By Jack Tuckner, Esq.
What is the Federal Equal Pay Act?
Gender pay discrimination (sometimes also called “gender pay disparity”) occurs when female employees are paid less than men when performing the same or substantially similar jobs. Overall, it is the job content and not the job titles that determine whether jobs are considered substantially equal. Under the Equal Pay Act of 1963, such pay discrimination is illegal.
What Protections are Afforded Under the federal Equal Pay Act?
The Equal Pay Act of 1963 requires that men and women performing jobs that require substantially equal skill, effort, responsibility and performed under similar working conditions be compensated equally. Equal pay for equal work. Sounds reasonable, right?
Yet women still earn 82% of what men earn, according to a 2017 oft-cited Pew Research Center analysis of median hourly earnings of both full and part-time US employees. Based on this estimate, women would have needed to work an extra 47 days in 2017 to earn what men earned that year. In my experience representing women in employment discrimination cases for 20+ years, this grim reality is still true today. Women are discriminated against when it comes to earning what they’re worth, and are still paid unequally in relation to men for equal work.
What is the Purpose of the Equal Pay Act?
Congress intended the federal Equal Pay Act to serve a broad remedial purpose. The US Supreme Court has recognized that the Equal Pay Act was designed to remedy what was perceived to be a serious and widespread problem of employment discrimination in private industry – the fact that the wage structure of “many segments of American industry has been based on an ancient but outmoded belief that a man, because of his role in society, should be paid more than a woman even though his duties are the same.” Yes, this sexism still exists.
What Criteria are Used to Determine if Your Company is Violating the Equal Pay Act?
Under the Equal Pay Act (EPA), a female complainant “does not have to prove that two jobs are identical, but rather must show that the skill, effort and responsibility required in the performance of the jobs are substantially equal. Work is “substantially equal” for purposes of the EPA if it requires “equal skill, effort, and responsibility.” This determination is made by the judge or jury based on the actual content of the job in question, not in relation to just the job descriptions or job titles.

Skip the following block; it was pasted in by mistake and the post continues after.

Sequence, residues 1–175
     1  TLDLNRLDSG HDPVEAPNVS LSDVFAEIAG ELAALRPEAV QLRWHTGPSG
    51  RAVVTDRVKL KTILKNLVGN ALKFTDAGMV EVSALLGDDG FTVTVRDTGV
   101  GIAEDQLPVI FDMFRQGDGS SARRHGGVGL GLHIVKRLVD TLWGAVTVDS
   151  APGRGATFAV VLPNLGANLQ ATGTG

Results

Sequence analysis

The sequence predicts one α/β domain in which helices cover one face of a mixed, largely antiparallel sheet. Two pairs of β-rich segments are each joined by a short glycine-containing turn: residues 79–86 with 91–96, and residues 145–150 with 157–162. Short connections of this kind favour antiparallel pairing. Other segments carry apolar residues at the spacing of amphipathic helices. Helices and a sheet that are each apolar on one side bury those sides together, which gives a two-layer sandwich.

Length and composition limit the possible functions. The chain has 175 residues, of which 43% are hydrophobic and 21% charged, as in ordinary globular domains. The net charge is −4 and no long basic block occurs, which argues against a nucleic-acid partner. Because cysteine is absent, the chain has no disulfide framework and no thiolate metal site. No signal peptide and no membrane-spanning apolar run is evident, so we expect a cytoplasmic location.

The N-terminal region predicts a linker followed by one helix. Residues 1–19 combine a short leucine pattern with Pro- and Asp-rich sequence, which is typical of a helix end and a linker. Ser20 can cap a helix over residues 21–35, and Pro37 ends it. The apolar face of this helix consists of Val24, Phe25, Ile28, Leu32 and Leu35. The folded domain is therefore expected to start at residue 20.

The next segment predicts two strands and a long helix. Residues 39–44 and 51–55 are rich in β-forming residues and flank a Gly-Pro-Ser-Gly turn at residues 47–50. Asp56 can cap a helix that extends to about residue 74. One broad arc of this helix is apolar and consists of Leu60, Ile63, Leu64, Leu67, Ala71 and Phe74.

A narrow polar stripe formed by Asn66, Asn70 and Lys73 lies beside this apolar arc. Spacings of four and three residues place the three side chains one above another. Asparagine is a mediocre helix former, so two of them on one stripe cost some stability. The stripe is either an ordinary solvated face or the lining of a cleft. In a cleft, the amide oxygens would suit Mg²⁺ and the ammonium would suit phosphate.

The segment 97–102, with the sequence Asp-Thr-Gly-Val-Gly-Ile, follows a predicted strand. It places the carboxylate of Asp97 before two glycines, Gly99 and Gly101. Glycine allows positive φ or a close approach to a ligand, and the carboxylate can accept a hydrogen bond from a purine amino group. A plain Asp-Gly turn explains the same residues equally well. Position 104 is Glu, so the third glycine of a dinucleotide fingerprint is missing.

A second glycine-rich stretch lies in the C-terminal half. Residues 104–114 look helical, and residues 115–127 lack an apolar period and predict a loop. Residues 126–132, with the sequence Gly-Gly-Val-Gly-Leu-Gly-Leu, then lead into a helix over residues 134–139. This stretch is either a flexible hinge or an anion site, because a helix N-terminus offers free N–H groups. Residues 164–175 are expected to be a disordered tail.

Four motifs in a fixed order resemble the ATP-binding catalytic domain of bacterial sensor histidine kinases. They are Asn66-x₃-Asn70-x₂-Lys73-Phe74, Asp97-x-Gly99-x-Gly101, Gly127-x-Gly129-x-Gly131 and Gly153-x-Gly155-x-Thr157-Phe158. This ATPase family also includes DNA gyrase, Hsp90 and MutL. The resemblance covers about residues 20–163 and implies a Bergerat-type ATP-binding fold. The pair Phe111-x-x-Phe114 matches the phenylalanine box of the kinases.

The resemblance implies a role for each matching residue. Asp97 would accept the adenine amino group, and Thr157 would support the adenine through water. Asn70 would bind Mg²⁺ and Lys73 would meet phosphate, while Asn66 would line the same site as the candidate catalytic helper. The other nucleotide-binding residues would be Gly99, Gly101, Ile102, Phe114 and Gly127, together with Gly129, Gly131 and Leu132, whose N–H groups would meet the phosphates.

What Factors are Considered When Determining “Substantially Equal” for EPA Claims?
The EPA looks to the following factors when determining whether or not unequal pay (or gender pay disparity) has occurred:
- Skill: skill is measured by factors such as the experience, ability, education, and training required to perform the job. The critical issue is what skills are required for the job, not what skills the individual employees may have.
- Effort: effort is the amount of physical and mental exertion needed to perform the job.
- Responsibility: responsibility is the degree of accountability required in performing the job.
- Working Conditions: working conditions encompass two factors: (1) physical surroundings such as the workplace temperature, fumes, ventilation and (2) hazards.
- Establishment: The prohibition against gender pay disparity under the EPA applies only to jobs within one establishment — which is defined as a distinct physical place of business — rather than a business or enterprise consisting of several places of business. The bottom line comes to down to are you being paid less than men who are basically doing your job?
What are the Four Defenses to Pay Disparity under the Equal Pay Act?
Differences in pay are permitted between men and women when they’re based on seniority, merit, quantity or quality of production, or a differential pay based on any other factor other than sex. These four excuses to pay women less than men are known as ‘affirmative defenses’ to an unequal pay claim in Court, and it is the employer’s responsibility to prove that they apply.
These defenses are pretty self-explanatory. If a man is being paid $5,000 per year more by your company for performing work substantially similar to yours, it can easily be justified by the seniority affirmative defense if he’s worked there 5 years longer than you’ve worked there.